Perrigo Thursday delivered something that’s gotten pretty scarce as of late: a generics beat.
The company’s branded generics unit delivered $240 million in second-quarter revenue, passing the Street’s $224 million expectations on the back of increased sales of higher-margin products, timing of R&D investments and more, Goldman Sachs analyst Jami Rubin wrote in a note to clients. The unit’s gross margin was well above estimates, too, helping push its adjusted operating margin to the 46.5% mark.
The performance immediately raised eyebrows from Rubin and other analysts, who cited a wealth of negative data points—dismal showings from Perrigo’s generics peers, as well as signs portending a “step up in generic drug price deflation”—as reason to question how sustainable Perrigo’s generics strength would be. (RBC Capital Markets’ Randall Stanicky, for one, called the showing “somewhat vexing.”)
Company CEO John Hendrickson, though, pointed to “earlier than an anticipated launches,” particularly within the copycat business, as reason to take new product guidance up by $25 million. And the company bumped up its generics revenue guidance by the same amount, pushing it to $950 million.
So what’s Perrigo doing right that others, who fell on the generics sword in recent weeks, are doing wrong? For starters, making better predictions, Hendrickson told investors on the second-quarter conference call. Going back over the last six or so quarters, the company has honed its process, taking “deep dives into what we know, what we think we know and then what we don’t know” from a pricing standpoint, he said.
And thanks to that experience, “we feel like the last four quarters or so, we’ve been able to be in the ballpark of predicting what we thought we would see, and our models have proved out.” Of course, there’s always some variability to plug in, he noted, but overall, “our portfolio seems to be playing out and giving us some decent visibility.”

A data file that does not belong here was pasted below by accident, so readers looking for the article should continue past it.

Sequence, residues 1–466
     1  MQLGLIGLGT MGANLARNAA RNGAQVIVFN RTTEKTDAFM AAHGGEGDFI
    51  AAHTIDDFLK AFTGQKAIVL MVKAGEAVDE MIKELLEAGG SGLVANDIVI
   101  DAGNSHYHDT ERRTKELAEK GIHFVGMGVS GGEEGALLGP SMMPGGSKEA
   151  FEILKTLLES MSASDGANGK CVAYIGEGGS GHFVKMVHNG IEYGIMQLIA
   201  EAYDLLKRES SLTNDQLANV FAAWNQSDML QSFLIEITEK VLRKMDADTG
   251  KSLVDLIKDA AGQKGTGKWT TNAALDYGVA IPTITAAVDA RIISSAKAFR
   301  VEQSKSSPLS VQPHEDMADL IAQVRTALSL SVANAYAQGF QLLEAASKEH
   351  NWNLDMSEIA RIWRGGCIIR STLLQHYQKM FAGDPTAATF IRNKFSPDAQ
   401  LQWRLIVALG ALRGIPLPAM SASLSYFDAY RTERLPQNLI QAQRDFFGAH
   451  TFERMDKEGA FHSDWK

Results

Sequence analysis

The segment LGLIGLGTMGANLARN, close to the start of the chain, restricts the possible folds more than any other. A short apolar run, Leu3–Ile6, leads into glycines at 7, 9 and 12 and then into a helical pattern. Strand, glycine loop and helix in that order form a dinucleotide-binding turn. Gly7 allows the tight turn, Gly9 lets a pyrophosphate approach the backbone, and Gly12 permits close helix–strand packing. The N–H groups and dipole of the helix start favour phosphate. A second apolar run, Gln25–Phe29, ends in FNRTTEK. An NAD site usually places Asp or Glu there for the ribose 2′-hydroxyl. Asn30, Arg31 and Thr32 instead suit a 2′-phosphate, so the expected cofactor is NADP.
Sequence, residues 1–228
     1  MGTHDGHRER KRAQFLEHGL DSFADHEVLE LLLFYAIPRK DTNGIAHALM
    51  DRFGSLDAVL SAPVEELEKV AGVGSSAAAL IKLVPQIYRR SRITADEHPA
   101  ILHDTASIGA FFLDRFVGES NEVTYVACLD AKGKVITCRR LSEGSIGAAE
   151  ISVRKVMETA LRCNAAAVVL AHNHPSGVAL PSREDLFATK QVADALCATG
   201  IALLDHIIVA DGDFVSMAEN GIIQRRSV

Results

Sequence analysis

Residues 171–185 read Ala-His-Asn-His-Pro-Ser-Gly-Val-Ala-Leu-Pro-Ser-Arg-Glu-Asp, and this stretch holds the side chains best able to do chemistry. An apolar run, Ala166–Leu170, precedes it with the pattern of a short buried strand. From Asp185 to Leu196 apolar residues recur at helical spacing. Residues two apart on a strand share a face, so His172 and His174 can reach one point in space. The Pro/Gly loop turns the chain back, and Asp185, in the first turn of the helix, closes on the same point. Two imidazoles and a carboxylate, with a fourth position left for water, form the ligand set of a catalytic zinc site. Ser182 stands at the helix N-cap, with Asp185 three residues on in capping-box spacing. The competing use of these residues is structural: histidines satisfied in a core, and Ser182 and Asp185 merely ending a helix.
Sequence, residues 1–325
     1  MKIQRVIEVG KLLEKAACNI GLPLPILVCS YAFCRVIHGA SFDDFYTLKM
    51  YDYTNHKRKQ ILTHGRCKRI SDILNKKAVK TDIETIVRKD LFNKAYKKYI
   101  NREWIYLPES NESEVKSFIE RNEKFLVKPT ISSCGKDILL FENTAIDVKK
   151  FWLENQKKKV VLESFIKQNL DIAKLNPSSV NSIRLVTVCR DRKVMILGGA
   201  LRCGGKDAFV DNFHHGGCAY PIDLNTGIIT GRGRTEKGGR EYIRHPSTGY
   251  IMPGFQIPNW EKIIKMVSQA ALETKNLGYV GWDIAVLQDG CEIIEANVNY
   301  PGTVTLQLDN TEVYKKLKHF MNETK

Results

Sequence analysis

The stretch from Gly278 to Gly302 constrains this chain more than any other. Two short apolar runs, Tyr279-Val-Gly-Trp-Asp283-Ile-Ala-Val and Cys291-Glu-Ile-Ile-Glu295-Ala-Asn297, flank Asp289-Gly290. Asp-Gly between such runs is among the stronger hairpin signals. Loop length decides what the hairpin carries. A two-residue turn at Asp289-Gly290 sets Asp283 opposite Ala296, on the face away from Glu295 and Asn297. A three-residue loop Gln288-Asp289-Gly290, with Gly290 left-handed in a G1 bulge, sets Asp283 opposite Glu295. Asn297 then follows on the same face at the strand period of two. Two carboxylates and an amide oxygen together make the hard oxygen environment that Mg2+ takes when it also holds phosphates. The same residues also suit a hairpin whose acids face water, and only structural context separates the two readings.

Perrigo also sees itself as benefiting from a diversified portfolio, acting CFO Ron Winowiecki added. Not one knockoff boasts any more than 5% of the sales distribution within the unit, and some of Perrigo’s products are difficult and expensive to compete with—particularly its topicals.
“Listen, obviously we’re subject to the same competitive environment as anybody else, but that diversification is something we think we benefit from,” he said, adding that it’s also “why we can hold those margins within a tight, tight zone.”
That’s not to say the company isn’t feeling the same price-erosion burn its peers are feeling. The $240 million in revenue it posted marked a 13% decrease from the year-ago quarter, and the company is predicting 9% to 11% price erosion on its base business going forward. “We are not forecasting that it’s going to get any easier at this point,” Hendrickson noted.
Still, though, the company feels well-equipped to weather the storm, and it has diversification in its broader business to thank as well. Perrigo also boasts an OTC unit, and while that segment isn’t immune to pricing pressure, either, it’s not seeing the same havoc as the U.S. generics market.
The company’s sentiments echo those of generics giant Mylan, which reported its own second-quarter earnings Wednesday and similarly cited diversification as a saving grace. In particular, the company called out its own OTC business—recently bolstered through a buyout of Sweden’s Meda, which Mylan pursued after a failed hostile play for Perrigo—as a positive.